So, not sure if you guys have noticed this yet, but I’m a bit of a socially awkward nerd.
You’d think that I’d get it together for my Zumba classes, since I have to stand up in front of classes of 10-40 people oh…eight times a week now, but I don’t.
I giggle and make awkward conversation. Then my warm-up starts and it inevitably has some super nerdly (see: AMAZING) song in the mix, like Beastie Boys or Run DMC (see; THE BEST). And maybe when I teach I’m like, a super nerdly dancer. I actually have no idea, because I’ve never seen myself teach. I know how I feel when I teach, and that is super into it. Like, having the best time ever.
Anyway, what I’m trying to say is that maybe I come across as really “white,” whatever the fuck that means.
DISCLAIMER: This post is in no way a slight at the girl involved. I just found the whole experience to be so fascinating and it made me think about how we see people. I’ve been wanting to write about this for ages, but I never wanted her to feel offended. I know she used to read my blog at one point. Just in case she still does, I want to be clear. No offense intended and no offense felt on my part. (Well, okay, a little at first, for a couple days. But that’s long gone.)
SIDENOTE: See? Super nerdly.
SIDENOTE TO THE SIDENOTE: That’s my phrase of the day and I love it.
ANOTHER SIDENOTE: That photo is an outtake from my photo shoot with the amazing Christina Louise. Check her out and hire her.
Let’s get back on track.
I was teaching a class. I was still pretty new to teaching – within my first six months or so. I was already starting to become Facebook friends with some of my regular students, which is cool. I had been befriended by a girl from Brazil. I guess I had never mentioned that my background is 100% Portuguese.
One of my favourite songs from my playlist at the time is called “Aqui para Voçes” (which translates directly into “Here for You”) by a Portuguese/Angolan group called Buraka Som Sistema. It’s a crazy techno/rap/dance something or other, with lyrics performed by a Brazilian carioca musician named Deize Tigrona.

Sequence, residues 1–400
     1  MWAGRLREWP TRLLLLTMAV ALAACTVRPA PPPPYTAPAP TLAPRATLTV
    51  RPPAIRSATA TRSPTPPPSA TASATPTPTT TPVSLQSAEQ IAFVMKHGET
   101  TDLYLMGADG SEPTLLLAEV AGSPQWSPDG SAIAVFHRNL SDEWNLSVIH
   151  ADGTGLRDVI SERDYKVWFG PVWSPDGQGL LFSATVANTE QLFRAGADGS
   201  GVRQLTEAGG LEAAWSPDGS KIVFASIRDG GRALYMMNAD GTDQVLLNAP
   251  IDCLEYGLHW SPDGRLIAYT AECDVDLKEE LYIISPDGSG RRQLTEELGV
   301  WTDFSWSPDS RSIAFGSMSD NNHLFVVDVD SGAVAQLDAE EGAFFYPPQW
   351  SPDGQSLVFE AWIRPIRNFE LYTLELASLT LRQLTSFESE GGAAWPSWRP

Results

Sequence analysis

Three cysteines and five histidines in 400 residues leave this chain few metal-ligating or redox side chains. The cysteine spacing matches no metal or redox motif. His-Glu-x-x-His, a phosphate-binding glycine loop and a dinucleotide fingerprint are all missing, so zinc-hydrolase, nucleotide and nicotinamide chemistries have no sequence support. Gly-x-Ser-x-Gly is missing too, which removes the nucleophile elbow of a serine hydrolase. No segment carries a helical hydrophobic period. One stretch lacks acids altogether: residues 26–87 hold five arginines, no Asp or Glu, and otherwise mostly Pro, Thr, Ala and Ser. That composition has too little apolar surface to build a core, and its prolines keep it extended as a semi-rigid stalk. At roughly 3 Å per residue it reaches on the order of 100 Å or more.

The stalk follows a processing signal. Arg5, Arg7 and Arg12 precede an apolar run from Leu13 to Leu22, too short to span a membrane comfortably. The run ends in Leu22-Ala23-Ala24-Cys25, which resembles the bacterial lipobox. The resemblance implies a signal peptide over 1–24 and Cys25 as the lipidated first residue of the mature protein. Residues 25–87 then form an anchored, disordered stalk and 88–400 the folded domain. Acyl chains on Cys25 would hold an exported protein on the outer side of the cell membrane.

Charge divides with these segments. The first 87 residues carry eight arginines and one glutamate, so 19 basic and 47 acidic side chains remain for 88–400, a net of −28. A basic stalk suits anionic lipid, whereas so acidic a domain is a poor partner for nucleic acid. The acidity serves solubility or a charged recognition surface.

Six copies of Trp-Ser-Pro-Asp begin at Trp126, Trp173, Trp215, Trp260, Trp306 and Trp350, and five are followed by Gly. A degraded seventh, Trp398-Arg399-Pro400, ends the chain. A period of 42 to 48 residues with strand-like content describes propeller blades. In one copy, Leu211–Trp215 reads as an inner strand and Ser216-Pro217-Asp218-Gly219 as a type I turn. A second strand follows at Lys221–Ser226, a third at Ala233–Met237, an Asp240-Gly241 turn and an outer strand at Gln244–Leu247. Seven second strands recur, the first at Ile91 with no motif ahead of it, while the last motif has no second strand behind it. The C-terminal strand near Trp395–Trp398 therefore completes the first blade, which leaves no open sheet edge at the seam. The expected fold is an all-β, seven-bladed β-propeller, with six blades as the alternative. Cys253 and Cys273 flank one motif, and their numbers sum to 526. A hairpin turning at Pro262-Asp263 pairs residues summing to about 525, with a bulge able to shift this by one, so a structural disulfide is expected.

So. The lyrics are Portuguese. So I know what they mean. I sing along to them because I have them memorized. That’s what I did during my class, but I guess this girl didn’t notice that. I guess some of the lyrics of the song may also take on a different meaning depending what region you’re from/what type of Portuguese you speak. After consulting a number of Portuguese-speaking peeps, no one heard anything dirty in the song, but maybe if I asked another 10 people, someone would hear it that way.
Later on, I got onto Facebook and saw a status from this girl, written in Portuguese, that was expressing shock over the song. I’m totally paraphrasing here, but it said something along the lines of You guys wouldn’t believe what I heard in my Zumba class today…blah blah song…it’s hilarious when people dance to music they don’t understand the context of…where do people come up with these shitty lyrics?
SIDENOTE: This is a total digression, but I have to say, even interpreting the lyrics the dirty way, I’ve heard MUCH WORSE in English songs. Like, any song on the radio. Never mind all the diiiiiiirty naughty dirty Spanish stuff Zumba uses!
The thing that really struck me about the whole situation was the assumption that I had no idea what was going on. I mean, in all fairness, yeah, maybe lots of instructors have no idea what the lyrics of the Latin songs they use mean. I use a lot of Bollywood and Bhangra songs and I don’t know all of the lyrics (for the record, I typically Google it so that I at least know they’re not filthy). I don’t think you HAVE to know what the lyrics mean if you’re feeling the music. It’s not a job requirement.
But why the assumption?
I’m not gonna lie, for a while, I was sort of offended. I’m proud of my Portuguese background. I treasure the connections I have to Africa, Brazil, and Portugal. Teaching Zumba has actually strengthened that connection, too. Dancing and singing along to Portuguese music I love is a way for me to embrace who I am. So I was hurt that someone might look at me and not see that.
Would you assume she speaks Portuguese? Maybe not.
But in the same vein, why assume I don’t? (According to what people think of my face, I could speak a million languages.)
Lesson learned: When you “assume,” you really do make “an ass out of ‘u’ and ‘me.'” It’s 2013. Gay white couples adopt Asian babies and teach them how to speak German. Or something. You know what I mean.
P.S. Besides, knowing how to speak Portuguese gives me super powers. Just check out this hilarious article by Kayla.
P.P.S. See also:
…and so on.